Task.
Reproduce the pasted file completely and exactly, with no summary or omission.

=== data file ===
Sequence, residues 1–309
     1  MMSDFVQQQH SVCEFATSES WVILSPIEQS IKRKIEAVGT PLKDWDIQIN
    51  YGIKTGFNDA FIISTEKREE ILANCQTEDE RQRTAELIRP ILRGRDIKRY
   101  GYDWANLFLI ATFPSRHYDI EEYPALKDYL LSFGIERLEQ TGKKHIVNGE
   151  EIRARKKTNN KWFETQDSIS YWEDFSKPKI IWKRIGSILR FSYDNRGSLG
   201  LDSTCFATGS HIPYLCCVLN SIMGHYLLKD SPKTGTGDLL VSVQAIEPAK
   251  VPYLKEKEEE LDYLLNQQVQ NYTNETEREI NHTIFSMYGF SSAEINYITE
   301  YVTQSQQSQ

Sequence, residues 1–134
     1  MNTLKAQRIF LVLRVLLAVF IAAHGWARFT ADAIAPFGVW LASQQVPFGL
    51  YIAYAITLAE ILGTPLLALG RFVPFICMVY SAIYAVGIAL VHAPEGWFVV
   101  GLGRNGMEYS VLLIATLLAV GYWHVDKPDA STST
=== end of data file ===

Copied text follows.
Sequence, residues 1–309
     1  MMSDFVQQQH SVCEFATSES WVILSPIEQS IKRKIEAVGT PLKDWDIQIN
    51  YGIKTGFNDA FIISTEKREE ILANCQTEDE RQRTAELIRP ILRGRDIKRY
   101  GYDWANLFLI ATFPSRHYDI EEYPALKDYL LSFGIERLEQ TGKKHIVNGE
   151  EIRARKKTNN KWFETQDSIS YWEDFSKPKI IWKRIGSILR FSYDNRGSLG
   201  LDSTCFATGS HIPYLCCVLN SIMGHYLLKD SPKTGTGDLL VSVQAIEPAK
   251  VPYLKEKEEE LDYLLNQQVQ NYTNETEREI NHTIFSMYGF SSAEINYITE
   301  YVTQSQQSQ

Sequence, residues 1–134
     1  MNTLKAQRIF LVLRVLLAVF IAAHGWARFT ADAIAPFGVW LASQQVPFGL
    51  YIAYAITLAE ILGTPLLALG RFVPFICMVY SAIYAVGIAL VHAPEGWFVV
   101  GLGRNGMEYS VLLIATLLAV GYWHVDKPDA STST